Kai And there are studies such as the one reported in The Washington Post, I think it was three years ago, and we'll put it in the shownotes, which says that faces of Asian and especially black people are misidentified 100 times more often than those of white men. And it's partly because of the data that we feed into it. But for many of these algorithms, there's also some technical reasons because facial recognition relies on contrast, and that's often stronger in most lighting on white faces than black faces. So there is always some inherent problem with identifying faces of different colour.

Sandra And an article in The New York Times also points out that there are also issues with things like gender identification, because labels are typically binary, male or female. So there are many, many issues with these databases. But usually the more data you have, the better they become.

Kai And better data, right? The good thing about social media data, and that's why it's so preferable for these companies is that people upload data about themselves. And they try to basically identify their own data in the ways they want data to be identified. So this is actually quite good data, much better than what you can scrape from the public, anonymous internet.

Sandra But this also gets us back to Clearview AI, which has one of the biggest data sets, as we said 20 billion images scraped off the internet. And it is used in, as we said, mostly law enforcement, but now also a application that's available to banks or insurance companies.

Kai And while you can make this abstract argument and say social media data faces are better than faces from the public Internet, of course it does not mean that people have consented to or necessarily want either any of the faces, or maybe especially the stuff from social media, be included in those databases. And this is where the UK Government has come in and said, 'this is plainly illegal in this country, and you have to pay a fine and you have to delete those faces from your database, please'.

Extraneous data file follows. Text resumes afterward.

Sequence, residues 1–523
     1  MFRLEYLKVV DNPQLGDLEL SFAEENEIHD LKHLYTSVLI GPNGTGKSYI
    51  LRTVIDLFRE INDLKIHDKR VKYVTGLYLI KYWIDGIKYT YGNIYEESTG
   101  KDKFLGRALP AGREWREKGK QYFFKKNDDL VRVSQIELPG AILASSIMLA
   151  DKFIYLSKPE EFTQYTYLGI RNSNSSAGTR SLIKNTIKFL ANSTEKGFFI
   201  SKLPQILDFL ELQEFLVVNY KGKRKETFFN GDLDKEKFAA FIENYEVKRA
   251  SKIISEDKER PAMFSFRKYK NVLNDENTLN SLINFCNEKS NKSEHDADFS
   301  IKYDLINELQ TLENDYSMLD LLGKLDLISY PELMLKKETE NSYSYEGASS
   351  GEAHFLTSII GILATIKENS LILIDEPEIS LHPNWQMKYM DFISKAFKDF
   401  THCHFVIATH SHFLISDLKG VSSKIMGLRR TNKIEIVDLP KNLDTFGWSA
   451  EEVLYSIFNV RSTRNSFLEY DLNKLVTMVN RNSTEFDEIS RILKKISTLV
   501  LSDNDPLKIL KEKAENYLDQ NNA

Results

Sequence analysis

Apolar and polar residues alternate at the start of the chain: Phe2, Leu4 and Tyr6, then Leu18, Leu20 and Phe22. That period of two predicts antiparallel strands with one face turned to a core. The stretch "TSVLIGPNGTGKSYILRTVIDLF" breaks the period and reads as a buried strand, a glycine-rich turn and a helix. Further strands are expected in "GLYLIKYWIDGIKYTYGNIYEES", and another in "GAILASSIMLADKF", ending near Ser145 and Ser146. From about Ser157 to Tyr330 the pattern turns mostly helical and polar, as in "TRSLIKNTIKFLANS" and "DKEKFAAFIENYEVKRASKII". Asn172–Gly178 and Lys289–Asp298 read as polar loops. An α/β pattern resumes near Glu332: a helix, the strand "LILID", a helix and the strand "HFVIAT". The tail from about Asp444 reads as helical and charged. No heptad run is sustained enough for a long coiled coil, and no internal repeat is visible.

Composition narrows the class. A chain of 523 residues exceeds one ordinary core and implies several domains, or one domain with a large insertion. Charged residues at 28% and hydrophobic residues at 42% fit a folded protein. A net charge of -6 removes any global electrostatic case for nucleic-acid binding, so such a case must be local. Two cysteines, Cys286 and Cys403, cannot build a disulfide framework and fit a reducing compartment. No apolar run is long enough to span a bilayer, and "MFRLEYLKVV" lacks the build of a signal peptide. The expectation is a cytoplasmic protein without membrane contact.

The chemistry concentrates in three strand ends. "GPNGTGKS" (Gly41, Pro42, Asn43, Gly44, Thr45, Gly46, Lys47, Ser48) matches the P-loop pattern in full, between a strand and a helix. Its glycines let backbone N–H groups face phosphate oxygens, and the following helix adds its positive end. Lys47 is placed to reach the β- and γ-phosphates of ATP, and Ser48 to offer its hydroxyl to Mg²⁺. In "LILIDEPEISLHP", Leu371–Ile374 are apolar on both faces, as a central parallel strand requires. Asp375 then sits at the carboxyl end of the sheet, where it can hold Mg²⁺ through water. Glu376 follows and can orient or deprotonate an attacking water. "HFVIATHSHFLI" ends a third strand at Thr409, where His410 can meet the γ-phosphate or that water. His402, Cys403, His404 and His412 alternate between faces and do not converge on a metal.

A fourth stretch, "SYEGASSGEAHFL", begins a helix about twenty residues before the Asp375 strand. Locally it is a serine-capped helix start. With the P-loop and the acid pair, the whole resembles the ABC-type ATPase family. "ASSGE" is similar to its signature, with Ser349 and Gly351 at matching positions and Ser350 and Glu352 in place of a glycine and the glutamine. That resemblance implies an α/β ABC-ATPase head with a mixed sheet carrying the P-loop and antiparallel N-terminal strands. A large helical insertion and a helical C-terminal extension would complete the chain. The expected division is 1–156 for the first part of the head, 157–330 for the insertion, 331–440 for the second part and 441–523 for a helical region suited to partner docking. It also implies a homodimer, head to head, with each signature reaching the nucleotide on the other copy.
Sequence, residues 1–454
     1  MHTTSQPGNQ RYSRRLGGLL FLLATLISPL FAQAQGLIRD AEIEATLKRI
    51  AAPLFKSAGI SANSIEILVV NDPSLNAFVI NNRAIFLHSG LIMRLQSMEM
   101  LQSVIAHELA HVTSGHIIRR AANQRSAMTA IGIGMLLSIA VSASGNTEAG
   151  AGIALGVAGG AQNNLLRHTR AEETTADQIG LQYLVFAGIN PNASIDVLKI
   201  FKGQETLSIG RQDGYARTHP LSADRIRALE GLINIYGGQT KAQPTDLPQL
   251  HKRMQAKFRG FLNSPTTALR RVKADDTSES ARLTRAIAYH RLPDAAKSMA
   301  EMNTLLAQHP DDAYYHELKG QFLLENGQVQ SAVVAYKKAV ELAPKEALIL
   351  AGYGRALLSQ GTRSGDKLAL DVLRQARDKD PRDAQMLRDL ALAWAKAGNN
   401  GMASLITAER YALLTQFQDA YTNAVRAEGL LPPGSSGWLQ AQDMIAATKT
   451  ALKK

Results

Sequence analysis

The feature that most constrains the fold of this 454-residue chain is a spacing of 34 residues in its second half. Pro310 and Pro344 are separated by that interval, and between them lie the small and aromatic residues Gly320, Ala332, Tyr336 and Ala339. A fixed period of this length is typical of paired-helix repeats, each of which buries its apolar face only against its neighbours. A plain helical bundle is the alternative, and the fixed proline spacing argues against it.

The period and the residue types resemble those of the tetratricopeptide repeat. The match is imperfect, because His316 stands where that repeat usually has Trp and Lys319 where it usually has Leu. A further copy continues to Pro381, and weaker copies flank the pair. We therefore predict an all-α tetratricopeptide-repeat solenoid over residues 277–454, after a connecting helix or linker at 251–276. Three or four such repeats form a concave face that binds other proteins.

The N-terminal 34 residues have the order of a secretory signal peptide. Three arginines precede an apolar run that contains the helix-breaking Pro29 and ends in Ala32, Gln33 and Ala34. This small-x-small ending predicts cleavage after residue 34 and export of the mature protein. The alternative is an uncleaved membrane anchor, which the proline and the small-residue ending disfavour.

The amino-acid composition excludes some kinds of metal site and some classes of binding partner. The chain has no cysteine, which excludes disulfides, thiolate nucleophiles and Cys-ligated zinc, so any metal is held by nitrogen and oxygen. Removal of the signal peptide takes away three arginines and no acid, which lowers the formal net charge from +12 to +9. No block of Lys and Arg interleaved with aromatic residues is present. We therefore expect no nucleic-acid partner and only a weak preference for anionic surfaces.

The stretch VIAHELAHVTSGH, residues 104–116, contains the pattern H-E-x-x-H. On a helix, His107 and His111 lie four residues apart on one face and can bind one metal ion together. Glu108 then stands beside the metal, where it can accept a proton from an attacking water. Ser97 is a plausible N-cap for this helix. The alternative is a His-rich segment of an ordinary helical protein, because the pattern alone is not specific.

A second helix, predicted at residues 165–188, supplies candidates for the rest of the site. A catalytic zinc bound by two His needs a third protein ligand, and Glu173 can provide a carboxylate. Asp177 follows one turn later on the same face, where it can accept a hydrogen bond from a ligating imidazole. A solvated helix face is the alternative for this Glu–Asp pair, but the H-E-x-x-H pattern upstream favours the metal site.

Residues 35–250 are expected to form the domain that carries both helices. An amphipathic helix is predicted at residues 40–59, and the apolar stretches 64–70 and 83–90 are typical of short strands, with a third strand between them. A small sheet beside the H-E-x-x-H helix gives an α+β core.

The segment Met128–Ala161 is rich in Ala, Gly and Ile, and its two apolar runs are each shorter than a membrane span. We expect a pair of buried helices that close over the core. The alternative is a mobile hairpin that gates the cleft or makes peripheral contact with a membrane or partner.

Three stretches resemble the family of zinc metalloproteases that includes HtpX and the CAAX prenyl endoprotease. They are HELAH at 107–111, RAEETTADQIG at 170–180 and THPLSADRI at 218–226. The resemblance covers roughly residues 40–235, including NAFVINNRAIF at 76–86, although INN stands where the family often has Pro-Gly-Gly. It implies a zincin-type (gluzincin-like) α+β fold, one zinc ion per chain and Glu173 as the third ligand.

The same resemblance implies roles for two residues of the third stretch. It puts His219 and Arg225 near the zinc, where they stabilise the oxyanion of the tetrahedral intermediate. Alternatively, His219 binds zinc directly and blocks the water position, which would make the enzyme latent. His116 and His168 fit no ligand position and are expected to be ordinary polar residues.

Sandra But we'll come back to this in a minute. Because there are a few other things to mention about, kind of, public software use for facial recognition. Because we've been playing with one for the past couple of hours here.

Kai And that's an article that came out just this week.

Sandra Yep, also in the New York Times. A face search engine that really anyone can use, and that the New York Times deems "alarmingly accurate". And to our knowledge, they don't scrape that off social media, they at least don't list it in their results. But PimEyes is a paid service, you can trial it for free, but it's a paid service that anyone can use that finds photos from across the Internet to match whatever you've uploaded as a test photo. So if we were to walk on the street, technically I could take a picture of someone on the bus, or you know someone hanging around on the street corner and try to see if there's anything on the Internet about this person. And it's surprisingly accurate, you can have a look in the New York Times. It even recognised people with a face mask on. We've been playing with it and...

Kai We tried that ourselves, it didn't work quite so reliably.

Sandra But then both of us have glasses and very good face masks.

Kai What it does, it throws up a whole bunch of faces that look eerily alike, where the eyes on the facemask could be the person, and that is part of the reason why this is so problematic because it throws up a lot of false positives. It did, however, identify me. It did find one picture of me, you know, without a face mask, not so much for you. But it can also be problematic when it finds those false positives, where the picture looks eerily alike, but it is a person in a completely different context.

Sandra But with normal pictures it was eerily good, phone pictures taken at a distance. Again, we've only used people who have given us consent to have their pictures tested on this. So please use pictures of yourself if you're going to find this in the shownotes.